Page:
Title Thumbnail

Salt Mines and Castles: The Discovery and Restitution of Looted European Art

213 pages
Library of Alexandria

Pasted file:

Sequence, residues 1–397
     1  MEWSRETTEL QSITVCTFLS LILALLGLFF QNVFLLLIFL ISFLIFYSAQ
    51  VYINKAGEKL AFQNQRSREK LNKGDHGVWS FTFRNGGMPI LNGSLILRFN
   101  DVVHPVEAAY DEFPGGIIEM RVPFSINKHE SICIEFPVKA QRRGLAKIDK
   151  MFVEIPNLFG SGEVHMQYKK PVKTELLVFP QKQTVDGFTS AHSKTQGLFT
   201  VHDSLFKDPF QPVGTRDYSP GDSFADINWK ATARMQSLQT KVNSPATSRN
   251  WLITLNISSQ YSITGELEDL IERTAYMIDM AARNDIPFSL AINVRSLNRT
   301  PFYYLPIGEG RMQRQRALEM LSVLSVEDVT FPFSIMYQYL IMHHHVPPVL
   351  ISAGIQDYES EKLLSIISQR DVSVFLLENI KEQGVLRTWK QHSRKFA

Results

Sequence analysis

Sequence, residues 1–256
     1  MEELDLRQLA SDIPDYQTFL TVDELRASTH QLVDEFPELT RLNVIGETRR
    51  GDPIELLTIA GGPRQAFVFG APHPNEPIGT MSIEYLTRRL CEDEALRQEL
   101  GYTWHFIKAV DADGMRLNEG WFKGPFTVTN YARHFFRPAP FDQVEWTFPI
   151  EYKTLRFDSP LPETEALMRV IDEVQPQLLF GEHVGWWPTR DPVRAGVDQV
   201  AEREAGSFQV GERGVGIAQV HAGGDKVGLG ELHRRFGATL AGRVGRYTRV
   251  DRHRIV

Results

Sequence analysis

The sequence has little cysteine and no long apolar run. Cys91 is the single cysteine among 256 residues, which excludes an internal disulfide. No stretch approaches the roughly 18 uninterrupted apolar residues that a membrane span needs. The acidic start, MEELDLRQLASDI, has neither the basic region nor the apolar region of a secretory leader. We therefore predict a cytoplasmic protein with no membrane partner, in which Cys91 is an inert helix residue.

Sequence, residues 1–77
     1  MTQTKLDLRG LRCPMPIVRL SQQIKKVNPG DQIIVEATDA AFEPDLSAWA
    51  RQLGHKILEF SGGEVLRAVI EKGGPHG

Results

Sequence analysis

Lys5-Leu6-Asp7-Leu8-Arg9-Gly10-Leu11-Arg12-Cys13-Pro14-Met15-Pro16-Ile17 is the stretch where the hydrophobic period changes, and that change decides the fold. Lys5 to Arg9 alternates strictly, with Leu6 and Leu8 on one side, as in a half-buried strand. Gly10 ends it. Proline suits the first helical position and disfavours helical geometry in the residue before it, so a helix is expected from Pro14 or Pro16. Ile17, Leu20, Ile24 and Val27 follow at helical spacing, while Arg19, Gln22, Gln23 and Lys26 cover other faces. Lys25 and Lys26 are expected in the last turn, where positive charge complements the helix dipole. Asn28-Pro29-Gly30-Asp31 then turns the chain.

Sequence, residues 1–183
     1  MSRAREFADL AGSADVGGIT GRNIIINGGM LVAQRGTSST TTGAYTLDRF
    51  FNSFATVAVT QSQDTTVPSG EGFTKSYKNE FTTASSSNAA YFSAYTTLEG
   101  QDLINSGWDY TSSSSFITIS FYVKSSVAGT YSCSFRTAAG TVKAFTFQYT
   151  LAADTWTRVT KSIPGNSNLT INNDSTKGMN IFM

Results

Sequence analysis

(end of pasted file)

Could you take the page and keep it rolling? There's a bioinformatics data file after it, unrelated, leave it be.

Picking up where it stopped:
“Your name’s not on the passenger list,” said Craig when I walked into the waiting room of the Patuxent airport. “You’d better see what you can do about it.” It was a hot spring night and I had just flown down from Washington, expecting to board a transatlantic plane which was scheduled to take off at midnight. “There must be some mistake,” I said. “I checked on that just before I left Washington.” Craig went with me to the counter where I asked the pretty WAVE on duty to look up my name. It wasn’t on her list. “Let’s see what they know about this at the main office,” she said with an encouraging smile as she dialed Naval Air Transport in Washington. The next ten minutes were grim. The officer at the other end of the line wanted to know with whom I had checked. Had it been someone in his office? I didn’t know. All I knew was that I had to get on that plane. I had important papers which had to be delivered to our Paris office without delay. Was I a courier? Yes, I was—well, that is, almost, I faltered to the WAVE ensign who had been transmitting my replies. “Here, you talk to him,” she said, adding, as she handed me the receiver, “I think he can fix it up.” After going through the same questions and getting the same answers a second time, the officer in Washington asked to speak to the yeoman who was supervising the loading of the plane. He was called in and I waited on tenterhooks until I heard him say, “Yes, sir, I can make room for the lieutenant and his gear.” Turning the phone over to the WAVE, he asked with a reassuring grin, “Feel better, Lieutenant?” I was so limp with relief that I scarcely noticed the tall spare man in civilian clothes who had just come up to the counter. “That’s Lindbergh,” said Craig in a low voice. “Do you suppose he’s going over too?” Half an hour later we trooped out across the faintly lighted field to the C-54 which stood waiting. Lindbergh, dressed now in the olive-drab uniform of a Naval Technician, preceded us up the steps. There were ten of us in all. With the exception of three leather-cushioned chairs, there were only bucket seats. Craig and I settled ourselves in two of these uninviting hollows and began fumbling clumsily with the seat belts. Seeing that we were having trouble, Lindbergh came over and with a friendly smile asked if he could give us a hand. After deftly adjusting our belts, he returned to one of the cushioned seats across the way. Doors slammed, the engines began to roar and, a few seconds later, we were off. We mounted swiftly into the star-filled sky and, peering out, watched the dark Maryland hills drop away. We dozed despite the discomfort of our bent-over positions and didn’t come to again until the steward roused us several hours later with coffee and sandwiches. Afterward he brought out army cots and motioned to us to set them up if we wanted to stretch out. As soon as we got the cots unfolded and the pegs set in place, he turned out the lights.